My most elaborate creation has got to be what I affectionately call The Array™. It takes a Mac mini, my dedicated teaching computer, and duplicates its screen all around the room to six little pods. It was constructed one piece at a time starting in 2011 and might be nearing its final form, well until fancier TVs get cheaper or school becomes a VR head set experience anyway.

Here's a schematic

Each TV serves as a focus point for discussion in each little pod. I can have something on display and reference it anywhere in the room. My ability to turn College Algebra into a no lecture zone works great thanks to The Array™. While working on computers, kids have access to the room's printer and can reference the screens for examples or instructions or whatever. I can't count the number of times I've caught kids teaching each other using their local screen. It makes my big classes tiny.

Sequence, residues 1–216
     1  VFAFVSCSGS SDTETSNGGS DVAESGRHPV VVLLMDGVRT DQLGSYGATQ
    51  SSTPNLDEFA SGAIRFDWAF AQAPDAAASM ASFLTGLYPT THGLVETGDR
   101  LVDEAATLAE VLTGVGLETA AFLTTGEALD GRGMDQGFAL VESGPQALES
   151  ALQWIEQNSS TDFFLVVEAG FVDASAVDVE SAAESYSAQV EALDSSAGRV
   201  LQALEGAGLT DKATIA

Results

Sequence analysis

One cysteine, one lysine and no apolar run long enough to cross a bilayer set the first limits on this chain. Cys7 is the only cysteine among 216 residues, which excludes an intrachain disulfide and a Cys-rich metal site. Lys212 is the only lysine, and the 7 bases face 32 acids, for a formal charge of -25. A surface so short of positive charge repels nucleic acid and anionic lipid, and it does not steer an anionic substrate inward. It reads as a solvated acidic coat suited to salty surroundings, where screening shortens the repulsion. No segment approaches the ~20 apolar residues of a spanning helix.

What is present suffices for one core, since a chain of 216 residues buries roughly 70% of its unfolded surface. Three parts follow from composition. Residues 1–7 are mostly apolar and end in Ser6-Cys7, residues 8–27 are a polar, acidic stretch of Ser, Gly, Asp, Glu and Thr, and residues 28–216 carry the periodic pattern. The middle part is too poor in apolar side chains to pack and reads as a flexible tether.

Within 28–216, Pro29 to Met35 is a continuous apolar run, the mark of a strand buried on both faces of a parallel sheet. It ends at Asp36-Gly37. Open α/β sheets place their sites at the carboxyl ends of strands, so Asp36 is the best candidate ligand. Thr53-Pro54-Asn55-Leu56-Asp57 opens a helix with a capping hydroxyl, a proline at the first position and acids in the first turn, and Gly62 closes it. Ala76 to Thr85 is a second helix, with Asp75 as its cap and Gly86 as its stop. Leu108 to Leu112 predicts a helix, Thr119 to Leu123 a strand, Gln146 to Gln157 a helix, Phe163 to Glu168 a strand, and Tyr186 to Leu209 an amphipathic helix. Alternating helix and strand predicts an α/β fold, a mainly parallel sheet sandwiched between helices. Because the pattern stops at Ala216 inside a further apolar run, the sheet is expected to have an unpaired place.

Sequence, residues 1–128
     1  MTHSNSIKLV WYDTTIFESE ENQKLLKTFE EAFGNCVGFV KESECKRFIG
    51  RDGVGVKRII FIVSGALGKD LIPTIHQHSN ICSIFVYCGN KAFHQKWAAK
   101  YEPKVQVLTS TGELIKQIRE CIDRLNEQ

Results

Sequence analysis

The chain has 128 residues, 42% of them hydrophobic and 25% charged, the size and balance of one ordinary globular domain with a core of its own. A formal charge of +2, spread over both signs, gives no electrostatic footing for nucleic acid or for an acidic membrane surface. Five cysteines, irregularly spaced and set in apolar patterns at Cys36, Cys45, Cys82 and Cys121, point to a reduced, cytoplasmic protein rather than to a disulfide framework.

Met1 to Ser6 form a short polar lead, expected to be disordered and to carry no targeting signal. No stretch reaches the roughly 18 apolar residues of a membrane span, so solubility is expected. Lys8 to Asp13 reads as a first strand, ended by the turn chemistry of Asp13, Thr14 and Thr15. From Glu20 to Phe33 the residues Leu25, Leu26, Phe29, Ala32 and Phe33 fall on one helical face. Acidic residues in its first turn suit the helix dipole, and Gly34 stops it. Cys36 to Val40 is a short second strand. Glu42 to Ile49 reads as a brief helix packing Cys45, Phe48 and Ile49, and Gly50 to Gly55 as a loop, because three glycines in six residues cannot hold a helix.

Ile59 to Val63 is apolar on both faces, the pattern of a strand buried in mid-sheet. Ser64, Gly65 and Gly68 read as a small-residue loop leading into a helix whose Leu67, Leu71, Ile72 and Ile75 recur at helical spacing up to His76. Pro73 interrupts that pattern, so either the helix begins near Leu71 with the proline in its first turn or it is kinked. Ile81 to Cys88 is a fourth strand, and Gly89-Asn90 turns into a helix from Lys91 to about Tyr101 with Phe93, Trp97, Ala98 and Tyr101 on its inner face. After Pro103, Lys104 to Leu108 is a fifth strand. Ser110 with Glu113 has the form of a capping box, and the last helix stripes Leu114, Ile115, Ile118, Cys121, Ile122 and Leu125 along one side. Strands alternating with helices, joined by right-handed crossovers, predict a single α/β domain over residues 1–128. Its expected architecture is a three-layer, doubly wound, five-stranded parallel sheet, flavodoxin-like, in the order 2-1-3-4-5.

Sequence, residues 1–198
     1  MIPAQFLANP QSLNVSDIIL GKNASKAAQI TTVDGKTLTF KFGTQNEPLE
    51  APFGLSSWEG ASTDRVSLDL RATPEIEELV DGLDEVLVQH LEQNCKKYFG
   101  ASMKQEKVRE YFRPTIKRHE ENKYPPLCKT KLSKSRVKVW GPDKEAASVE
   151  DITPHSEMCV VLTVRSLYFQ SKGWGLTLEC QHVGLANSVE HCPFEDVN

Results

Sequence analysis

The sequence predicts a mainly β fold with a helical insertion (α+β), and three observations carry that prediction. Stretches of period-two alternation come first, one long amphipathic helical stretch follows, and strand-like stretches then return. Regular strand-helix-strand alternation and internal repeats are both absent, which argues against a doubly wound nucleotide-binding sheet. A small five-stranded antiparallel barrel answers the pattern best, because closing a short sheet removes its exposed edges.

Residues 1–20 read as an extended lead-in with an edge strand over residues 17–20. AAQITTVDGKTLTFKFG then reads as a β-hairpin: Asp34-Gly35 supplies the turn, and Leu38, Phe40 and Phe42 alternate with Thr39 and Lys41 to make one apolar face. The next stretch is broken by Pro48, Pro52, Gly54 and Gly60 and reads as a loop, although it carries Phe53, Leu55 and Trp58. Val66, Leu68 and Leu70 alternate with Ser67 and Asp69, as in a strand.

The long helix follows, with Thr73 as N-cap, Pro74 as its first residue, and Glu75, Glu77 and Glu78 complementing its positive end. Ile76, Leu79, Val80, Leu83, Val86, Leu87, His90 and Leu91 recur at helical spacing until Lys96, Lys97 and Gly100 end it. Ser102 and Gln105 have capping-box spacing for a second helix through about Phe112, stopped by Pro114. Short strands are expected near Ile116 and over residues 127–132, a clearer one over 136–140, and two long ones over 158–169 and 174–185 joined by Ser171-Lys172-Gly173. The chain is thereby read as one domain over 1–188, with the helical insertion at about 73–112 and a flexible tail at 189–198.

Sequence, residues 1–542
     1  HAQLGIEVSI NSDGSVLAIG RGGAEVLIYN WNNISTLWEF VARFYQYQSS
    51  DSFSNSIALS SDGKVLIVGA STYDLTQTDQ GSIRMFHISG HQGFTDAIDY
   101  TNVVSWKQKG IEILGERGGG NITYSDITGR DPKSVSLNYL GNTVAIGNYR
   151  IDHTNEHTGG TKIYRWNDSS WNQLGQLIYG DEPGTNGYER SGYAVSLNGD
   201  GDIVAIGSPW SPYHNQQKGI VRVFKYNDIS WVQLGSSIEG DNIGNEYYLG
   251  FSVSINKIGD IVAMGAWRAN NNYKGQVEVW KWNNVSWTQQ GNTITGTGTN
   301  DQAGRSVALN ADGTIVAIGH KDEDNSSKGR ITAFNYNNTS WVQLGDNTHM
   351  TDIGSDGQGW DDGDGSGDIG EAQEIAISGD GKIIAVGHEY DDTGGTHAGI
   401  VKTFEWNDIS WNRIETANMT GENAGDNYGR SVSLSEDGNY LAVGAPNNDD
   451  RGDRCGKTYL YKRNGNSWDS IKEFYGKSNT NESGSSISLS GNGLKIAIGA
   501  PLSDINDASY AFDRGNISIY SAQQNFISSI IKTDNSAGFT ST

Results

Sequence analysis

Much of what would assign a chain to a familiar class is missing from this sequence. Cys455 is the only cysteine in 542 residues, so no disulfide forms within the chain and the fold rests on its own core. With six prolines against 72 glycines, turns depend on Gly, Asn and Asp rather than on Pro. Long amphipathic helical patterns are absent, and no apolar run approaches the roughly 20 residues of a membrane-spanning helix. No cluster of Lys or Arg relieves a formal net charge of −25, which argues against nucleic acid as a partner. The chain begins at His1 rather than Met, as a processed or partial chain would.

Key modification this year:

These screens used to sit on their own tables, limiting my mobility at the back of the room. I found wall mounts that use picture nails (a LOT of picture nails) to do the job of cumbersome bolts, allowing these TVs to hang in place without having to damage studs or do any significant hacking away at the walls. Though it took forever, routing the cables along the wall was the smartest thing I think I've ever done.

I'm not saying go out and build your own array, but finding ways to decentralize your classroom opens you up to all kinds of cool possibilities. Some of which I will elaborate on soon...

AuthorJonathan Claydon